Beca: For me, the most impactful way to get learning a new database platform was to spin up an instance (either installing one on your local machine or use a tool like Redgate Clone or Docker). Get one of the sample databases for your preferred platform onto your instance (e.g. Pagila for Postgres, Sakila for MySQL). There are various step-by-step guides and tutorials online that will walk you through this depending on your chosen platform. Now pause to celebrate this achievement ?; you’re already learning loads. Then try executing some queries you’re previously familiar with and get curious about the results. For trouble shooting, try asking your search engine or AI chat bot to rewrite your query in ANSI SQL (which should work against any platform) and get that working first. As you gain more confidence, learn ways to optimize queries for your specific database platform.
Steve: What I suggest is twofold. First, dedicate a time each week. It can be as little as 15 minutes but put this on your work or personal calendar. Start making an investment in yourself. Second, work through organized learning on a platform. Get a book, use Ryan’s PostgreSQL 101 series, something that moves you through step by step. From there, you can look for more specific educational things on certain features/functions you don’t understand.
“What is everyone on the panel doing to educate themselves on AI developments with regards to database management?”?
Steve: I am starting to ask Bing Copilot, Prompt + AI, or ChatGPT a question before searching. I’m trying to evaluate if I get good responses, or if I know how to adjust a prompt to get a better response. This often is just a few extra minutes, but I’m learning to work with AI. I’m also slowly going through an AI course from MS, trying to better understand the tech. Not that I plan on training a model, but knowing how tech works has often helped me better understand how and when to use it.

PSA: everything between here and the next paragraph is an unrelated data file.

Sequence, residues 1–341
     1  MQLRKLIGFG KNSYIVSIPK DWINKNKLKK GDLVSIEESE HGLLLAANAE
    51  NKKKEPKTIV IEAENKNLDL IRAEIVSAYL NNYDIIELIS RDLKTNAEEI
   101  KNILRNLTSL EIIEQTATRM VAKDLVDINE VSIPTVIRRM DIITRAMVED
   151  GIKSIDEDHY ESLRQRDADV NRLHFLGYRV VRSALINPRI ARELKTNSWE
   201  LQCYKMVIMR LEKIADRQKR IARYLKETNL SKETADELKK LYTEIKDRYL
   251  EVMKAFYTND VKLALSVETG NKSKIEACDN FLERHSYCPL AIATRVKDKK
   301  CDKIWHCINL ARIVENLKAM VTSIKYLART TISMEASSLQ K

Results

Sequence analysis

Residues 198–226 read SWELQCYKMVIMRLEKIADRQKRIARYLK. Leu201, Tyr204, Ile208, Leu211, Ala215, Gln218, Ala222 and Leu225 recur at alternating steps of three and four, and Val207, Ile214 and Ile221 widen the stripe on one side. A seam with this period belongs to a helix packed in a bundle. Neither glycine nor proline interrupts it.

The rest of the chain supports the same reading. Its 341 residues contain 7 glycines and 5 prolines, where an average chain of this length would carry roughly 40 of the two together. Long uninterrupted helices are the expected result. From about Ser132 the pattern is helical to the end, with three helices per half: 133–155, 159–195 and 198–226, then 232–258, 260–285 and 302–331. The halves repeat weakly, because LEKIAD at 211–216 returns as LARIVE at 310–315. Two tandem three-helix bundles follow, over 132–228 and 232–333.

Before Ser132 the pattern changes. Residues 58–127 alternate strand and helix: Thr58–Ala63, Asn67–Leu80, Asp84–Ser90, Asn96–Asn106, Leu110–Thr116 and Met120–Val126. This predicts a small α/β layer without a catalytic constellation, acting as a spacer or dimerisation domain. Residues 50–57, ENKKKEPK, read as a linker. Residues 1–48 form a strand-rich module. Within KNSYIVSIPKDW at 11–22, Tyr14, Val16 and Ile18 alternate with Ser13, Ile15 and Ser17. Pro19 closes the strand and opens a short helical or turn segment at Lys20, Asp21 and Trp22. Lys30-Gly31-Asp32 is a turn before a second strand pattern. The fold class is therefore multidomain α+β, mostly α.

“As DBAs, should we be worried about our future jobs anytime soon because of AI?”
Steve: No. Vendors hype this, and many products are “adding AI”, but the reality I see is that talented people can use AI as a lever to get more work done, but junior people get AI to produce junior results, which isn’t necessarily going to work well.
I think it’s worth learning how to work with AI as a tool. It’s hard at first, cumbersome, but learning where and when it helps you is worthwhile because it’s not going away and it’s going to get better.
At the same time, the best insurance for your job is to become better at your job. Look at what others do, answer questions on SQL Server Central (or at least test yourself to see if you can). Invest in your career. Doctors, nurses, lawyers, accountants, etc are required to train and upskill every year. Hold yourself to that same professional standard.